Rep. Massie Thinks He Had Coronavirus as Early as January — Before First Known US Case

Thomas Massie T.J. Kirkpatrick/Getty Images

T.J. Kirkpatrick/Getty Images

Rep. Thomas Massie (R-KY) has announced he tested positive for coronavirus antibodies in July — but never knew he had the virus, and believes he may have contracted it as early as January.

“I was sick for four days with a fever and a sore throat and very little energy. I had super low energy. I went to the doctor on Jan. 7, and I told him I had to get back to work, so they gave me an anti-histamine and shot of Rocephin, and I felt better the next day,” Massie said in an interview with The Washington Examiner. “Now, I don’t know if the medicine did it or if I was already on the path to recovery, because on Jan. 7, I drove myself to the doctor, if I wasn’t totally laid out.

“I would imagine the antibodies probably conferred some immunity to me for the past several months that I didn’t know about,” Massie added. “I would have gotten an antibody test sooner, but the media described this as a lung condition. And it wasn’t until I heard reports from most of the people that it actually manifested itself as a fever and sore throat and lack of energy and didn’t go to their lungs. Once they got more reports that have symptoms that lined up with the symptoms that I had in January, that compelled me to go to get the antibody test.”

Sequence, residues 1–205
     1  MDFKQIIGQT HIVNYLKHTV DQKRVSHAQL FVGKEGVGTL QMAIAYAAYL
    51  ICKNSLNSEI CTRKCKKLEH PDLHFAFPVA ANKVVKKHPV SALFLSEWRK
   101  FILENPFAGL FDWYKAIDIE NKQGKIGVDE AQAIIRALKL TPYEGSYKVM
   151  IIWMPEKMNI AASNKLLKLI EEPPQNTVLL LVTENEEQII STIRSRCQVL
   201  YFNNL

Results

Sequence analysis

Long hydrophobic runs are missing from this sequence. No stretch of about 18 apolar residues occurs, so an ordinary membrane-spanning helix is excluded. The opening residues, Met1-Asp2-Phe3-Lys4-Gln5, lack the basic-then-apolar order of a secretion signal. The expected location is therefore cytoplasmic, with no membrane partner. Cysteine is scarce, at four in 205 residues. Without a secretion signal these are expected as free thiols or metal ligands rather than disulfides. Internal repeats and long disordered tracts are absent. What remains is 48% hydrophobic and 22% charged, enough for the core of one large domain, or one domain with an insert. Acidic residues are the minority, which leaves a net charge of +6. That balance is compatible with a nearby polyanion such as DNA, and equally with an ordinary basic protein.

Rep. Mario Diaz-Balart (R-FL) in mid-March became the first member of Congress to test positive for the illness. The first known case of the virus reached the United States on Jan. 19, though experts have struggled to nail down the time of its arrival. Until April, a February case diagnosed in California was thought to be the first in the U.S.

A handful of House members have tested positive for coronavirus antibodies since the virus reached American shores. Three members of the Senate — Tim Kaine (D-VA), Bob Casey (D-PA), and Rand Paul (R-KY) — have tested positive for antibodies, though Paul was the only member to test positive for the illness at the time he had it.

Massie said he would be donating convalescent plasma to further Covid-19 research.


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